Walter--when you are right--you are right!!!

Posted by the real truth, a resident of Another Palo Alto neighborhood
on Dec 9, 2008 at 7:51 am

[Post removed by Palo Alto Online staff.]

Posted by Want the Truth, a resident of The Greenhouse
on Dec 9, 2008 at 8:30 am

All you have to do is ask. Everything that I have wrote is Public Knowledge.

Posted by Judith, a resident of Leland Manor/Garland Drive
on Dec 9, 2008 at 10:23 am

What about this part of the report?
"He also noted that state inspectors have visited Palo Alto's landfill site several times since the July citations and have found the facility to be in compliance.

"I've been to the site after the fire and these guys are really on top of it now," Kiruja said. "They don't want to have this kind of a thing happen again." "

Made a mistake, corrected it. Is that so terrible?

Posted by Susan, a resident of Barron Park
on Dec 9, 2008 at 10:32 am

The compost is a city resource. I'm glad to hear that corrective action is taken and hope the city will be wise enough to keep this resource in our city.

Posted by margaret, a resident of Crescent Park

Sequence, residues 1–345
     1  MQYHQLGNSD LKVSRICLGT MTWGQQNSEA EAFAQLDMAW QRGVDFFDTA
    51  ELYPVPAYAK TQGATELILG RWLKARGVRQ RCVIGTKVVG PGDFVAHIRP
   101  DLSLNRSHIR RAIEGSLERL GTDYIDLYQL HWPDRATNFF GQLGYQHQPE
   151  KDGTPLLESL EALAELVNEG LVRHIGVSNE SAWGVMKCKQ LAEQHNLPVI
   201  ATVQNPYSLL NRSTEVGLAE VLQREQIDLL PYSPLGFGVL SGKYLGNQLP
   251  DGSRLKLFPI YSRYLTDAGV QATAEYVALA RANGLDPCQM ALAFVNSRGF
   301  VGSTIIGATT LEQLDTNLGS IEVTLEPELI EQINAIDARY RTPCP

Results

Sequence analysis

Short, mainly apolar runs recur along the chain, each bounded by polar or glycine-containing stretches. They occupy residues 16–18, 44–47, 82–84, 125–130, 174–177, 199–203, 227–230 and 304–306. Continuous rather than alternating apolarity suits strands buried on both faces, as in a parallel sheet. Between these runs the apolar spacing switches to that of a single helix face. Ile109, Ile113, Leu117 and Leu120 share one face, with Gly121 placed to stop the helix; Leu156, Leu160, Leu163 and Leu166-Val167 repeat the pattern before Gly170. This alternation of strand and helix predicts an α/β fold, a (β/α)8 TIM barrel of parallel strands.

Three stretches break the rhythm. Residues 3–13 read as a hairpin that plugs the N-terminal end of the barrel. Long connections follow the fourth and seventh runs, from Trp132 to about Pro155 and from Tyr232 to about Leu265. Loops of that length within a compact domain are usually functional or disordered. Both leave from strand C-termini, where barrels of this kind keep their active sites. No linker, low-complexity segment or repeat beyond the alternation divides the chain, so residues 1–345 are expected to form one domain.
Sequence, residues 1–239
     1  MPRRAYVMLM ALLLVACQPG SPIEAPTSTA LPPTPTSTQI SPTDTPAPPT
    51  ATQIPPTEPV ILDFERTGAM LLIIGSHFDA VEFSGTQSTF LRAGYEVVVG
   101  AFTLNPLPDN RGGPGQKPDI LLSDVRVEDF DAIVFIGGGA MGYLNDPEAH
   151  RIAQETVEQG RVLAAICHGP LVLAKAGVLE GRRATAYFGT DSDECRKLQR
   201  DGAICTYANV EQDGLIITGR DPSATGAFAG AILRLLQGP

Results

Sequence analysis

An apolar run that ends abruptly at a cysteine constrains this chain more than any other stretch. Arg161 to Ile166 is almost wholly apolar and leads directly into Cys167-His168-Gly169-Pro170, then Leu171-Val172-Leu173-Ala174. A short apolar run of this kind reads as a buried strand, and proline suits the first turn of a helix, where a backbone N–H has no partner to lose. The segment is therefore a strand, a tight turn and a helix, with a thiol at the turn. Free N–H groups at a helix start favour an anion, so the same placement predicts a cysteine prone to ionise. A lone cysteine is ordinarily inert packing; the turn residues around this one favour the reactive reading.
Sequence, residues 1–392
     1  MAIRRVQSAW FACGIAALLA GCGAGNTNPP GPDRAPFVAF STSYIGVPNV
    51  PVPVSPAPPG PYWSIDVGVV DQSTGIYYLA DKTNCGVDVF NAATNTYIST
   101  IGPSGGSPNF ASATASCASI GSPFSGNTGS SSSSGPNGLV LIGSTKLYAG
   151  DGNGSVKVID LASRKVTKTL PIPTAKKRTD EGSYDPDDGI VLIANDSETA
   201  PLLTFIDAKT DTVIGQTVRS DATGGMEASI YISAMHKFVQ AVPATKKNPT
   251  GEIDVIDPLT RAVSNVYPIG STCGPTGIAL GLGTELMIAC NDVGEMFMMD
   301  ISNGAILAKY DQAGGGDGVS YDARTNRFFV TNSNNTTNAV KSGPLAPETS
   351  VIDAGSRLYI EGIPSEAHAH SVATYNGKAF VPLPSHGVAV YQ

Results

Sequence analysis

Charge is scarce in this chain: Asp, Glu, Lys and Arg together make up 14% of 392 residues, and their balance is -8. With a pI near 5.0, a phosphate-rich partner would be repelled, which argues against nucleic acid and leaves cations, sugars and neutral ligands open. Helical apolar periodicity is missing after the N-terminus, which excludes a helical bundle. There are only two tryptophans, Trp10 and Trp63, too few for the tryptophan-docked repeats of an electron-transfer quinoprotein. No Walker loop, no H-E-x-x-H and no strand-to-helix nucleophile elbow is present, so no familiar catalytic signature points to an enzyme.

on Dec 9, 2008 at 11:40 am

Although I appreciate the compost which I've gotten from this site, I think that the entire community would benefit more if the compost area were converted to parkland as designated in the City's Master Plan.

Posted by Marshmama, a resident of Crescent Park
on Dec 9, 2008 at 12:05 pm

Byxbee Hills Park is supposed to be a major open space in our precious Baylands and is supposed to be a "pastoral" park. It has been dedicated as parkland since 1965. Both the Parks Commission and the Planning Commission found unanimously that keeping industrial scale composting on Byxbee was incompatible with park use. If the City wants to maintain a composting operation in town, it should look for a non-park site. The carbon footprint savings by keeping the compost operation locally is equal to 3.8 cars/day. We can get that level of savings many other ways.

Posted by Bob, a resident of Palo Alto Orchards
on Dec 9, 2008 at 1:12 pm

I visited Byxbee Park 2 days ago. Lots of pathways, great views of the bay! Many vistas. Almost no people! This was on a weekend. Why invest money into a parkland that people don't use?


Posted by jb, a resident of Leland Manor/Garland Drive
on Dec 9, 2008 at 8:23 pm